“I ask it because Jesus did as much for me.”
Washington turned away and walked into the next room. Soon he returned with a paper on which was written the pardon of Michael Wittman. “My dear friend,” he said, placing the paper in the old man’s hand, “I thank you for this.””
What story, but the story of Calvary could better illustrate the principle in action of loving your enemy? It is the principle of His love and life within us that causes us to endure with patience and forgiveness the offences of others in our lives. God wants to love even the irregular people through us. After all you might be the irregular person in someone else’s life.

Blessings,
kent

Let God be the Judge

April 19, 2013

Romans 2:1
You, therefore, have no excuse, you who pass judgment on someone else, for at whatever point you judge another, you are condemning yourself, because you who pass judgment do the same things.

Let God be the Judge

Each one of us has a past, a history and record of sin for which God has every right to condemn and judge us for. When most all of us look back over the history of our lives we see things we did that were terribly wrong. In many cases some of those things were never found out or exposed and we escaped what could have been very severe consequences. Now if we had continued down that path, our sin would have eventually caught up with us and we would have paid the price, but somehow, God in His mercy, gave us grace. He is still giving us grace, not because we deserve it, but because He is a God of mercy and grace. Even in those we would write off as reprobate and hopeless, God can still do a miracle of His grace. Who would have thought Saul of Tarsus would have been one of the greatest Christian evangelist and apostles of all time. Before his conversion, most Christians of that day would have never thought it possible, but God is a God of the impossible.
At best, we judge out of our limited understanding and conditional love. We all have our prejudices and imperfect views of the world. We are not qualified to be the judge and jury of others sins or wrong-doings because we ourselves are just as guilty of our own sins. Even if they were done against us or the ones we love, those acts, heinous as they may be, must be relinquished, by our hearts, back to God who judges righteously. He sees it all and knows the hearts and motives of each of us. He alone is qualified to be our judge. He doesn’t justify our sins, but often gives us far more mercy than we deserve. That is why He wants us to have the heart of His Son towards sinners. He wants us to learn to extend to the same mercy and forgiveness that He extended to us. He tells us that vengeance is His and He will repay. The heart of a son of God is to see the lost saved and the sinful restored to right relationship with the Father. “It is the kindness of God that leads you to repentance (Romans 2:4).”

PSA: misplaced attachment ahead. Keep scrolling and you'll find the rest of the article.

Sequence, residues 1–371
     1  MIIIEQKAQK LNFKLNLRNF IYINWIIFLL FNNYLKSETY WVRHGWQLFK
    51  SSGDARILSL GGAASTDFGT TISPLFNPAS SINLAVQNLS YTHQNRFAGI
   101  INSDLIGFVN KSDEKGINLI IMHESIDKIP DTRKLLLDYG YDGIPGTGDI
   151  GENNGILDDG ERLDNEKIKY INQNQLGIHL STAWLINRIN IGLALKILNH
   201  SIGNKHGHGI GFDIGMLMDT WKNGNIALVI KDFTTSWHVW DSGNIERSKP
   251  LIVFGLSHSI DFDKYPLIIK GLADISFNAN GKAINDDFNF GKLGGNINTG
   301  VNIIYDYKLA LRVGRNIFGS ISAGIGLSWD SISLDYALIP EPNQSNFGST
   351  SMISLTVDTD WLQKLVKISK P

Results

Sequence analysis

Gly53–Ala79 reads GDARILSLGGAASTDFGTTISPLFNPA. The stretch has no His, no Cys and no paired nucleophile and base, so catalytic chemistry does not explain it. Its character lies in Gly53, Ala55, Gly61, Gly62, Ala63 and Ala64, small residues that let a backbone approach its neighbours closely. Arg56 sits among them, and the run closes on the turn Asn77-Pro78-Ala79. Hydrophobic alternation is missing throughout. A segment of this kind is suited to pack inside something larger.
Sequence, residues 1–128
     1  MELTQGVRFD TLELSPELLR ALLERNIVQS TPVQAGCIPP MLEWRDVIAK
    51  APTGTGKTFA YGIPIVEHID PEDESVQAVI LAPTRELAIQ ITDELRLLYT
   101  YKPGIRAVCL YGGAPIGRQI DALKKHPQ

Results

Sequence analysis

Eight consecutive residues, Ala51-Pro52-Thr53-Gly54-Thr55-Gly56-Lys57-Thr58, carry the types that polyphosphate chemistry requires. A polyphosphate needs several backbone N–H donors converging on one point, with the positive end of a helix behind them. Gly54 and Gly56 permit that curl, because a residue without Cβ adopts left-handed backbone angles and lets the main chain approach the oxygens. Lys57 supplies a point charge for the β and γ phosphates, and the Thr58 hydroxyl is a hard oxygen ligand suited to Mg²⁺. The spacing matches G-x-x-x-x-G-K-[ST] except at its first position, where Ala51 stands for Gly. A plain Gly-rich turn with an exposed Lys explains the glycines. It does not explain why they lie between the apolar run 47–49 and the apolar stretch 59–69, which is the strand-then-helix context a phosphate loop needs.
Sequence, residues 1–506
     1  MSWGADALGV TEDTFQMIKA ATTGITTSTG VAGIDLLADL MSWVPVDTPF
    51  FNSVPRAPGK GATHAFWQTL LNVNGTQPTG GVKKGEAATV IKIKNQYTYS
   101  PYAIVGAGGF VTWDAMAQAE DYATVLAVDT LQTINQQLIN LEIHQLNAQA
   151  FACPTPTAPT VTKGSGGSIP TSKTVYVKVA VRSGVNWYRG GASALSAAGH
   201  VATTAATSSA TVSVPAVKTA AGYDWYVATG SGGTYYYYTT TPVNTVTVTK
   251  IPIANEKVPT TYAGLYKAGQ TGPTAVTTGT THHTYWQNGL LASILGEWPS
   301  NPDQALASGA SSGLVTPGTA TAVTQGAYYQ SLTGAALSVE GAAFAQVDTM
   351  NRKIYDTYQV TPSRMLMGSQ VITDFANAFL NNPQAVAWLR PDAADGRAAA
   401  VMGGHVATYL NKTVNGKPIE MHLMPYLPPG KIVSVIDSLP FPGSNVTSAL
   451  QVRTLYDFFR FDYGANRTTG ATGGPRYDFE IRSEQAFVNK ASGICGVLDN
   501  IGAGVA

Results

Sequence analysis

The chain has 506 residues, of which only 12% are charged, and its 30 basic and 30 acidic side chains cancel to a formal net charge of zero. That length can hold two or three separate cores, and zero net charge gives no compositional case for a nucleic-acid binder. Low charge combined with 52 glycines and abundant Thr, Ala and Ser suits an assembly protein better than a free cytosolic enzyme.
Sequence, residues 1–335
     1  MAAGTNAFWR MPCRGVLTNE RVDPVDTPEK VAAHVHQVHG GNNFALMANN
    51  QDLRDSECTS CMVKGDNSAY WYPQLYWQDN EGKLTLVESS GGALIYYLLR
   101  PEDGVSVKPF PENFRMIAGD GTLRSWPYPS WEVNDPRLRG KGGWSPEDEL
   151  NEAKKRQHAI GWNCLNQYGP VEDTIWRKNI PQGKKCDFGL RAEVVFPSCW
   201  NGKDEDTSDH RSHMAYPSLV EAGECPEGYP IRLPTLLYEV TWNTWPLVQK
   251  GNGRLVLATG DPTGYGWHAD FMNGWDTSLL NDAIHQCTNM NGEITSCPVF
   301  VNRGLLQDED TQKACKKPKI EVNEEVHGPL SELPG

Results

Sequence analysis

Trust God to be the judge of all those who have hurt you or done you wrong. If you carry those offences in your heart you will never have peace. Hate, anger, revenge, unforgiveness, no matter how we justify it, will not only tear you apart, but all those around you, as well. That spirit is a destroyer and a divider. Why should you pay that price for another’s sin when you can place it back in the hands of the Righteous Judge and know that He will take care of it, rather its the way you want it or not. When we carry unforgiveness, we are saying we don’t trust you Father. We are unwilling to allow Jesus to provide the same forgiveness for another that He so mercifully extended to us.
Regain your peace and lay all your unforgiveness and feelings that you have been carrying at the altar. In exchange pick up the gift of His love, grace and forgiveness so that you might be set free of all of that bondage. Free to love even your enemies, even as God in Christ, has loved you.

Blessings,
kent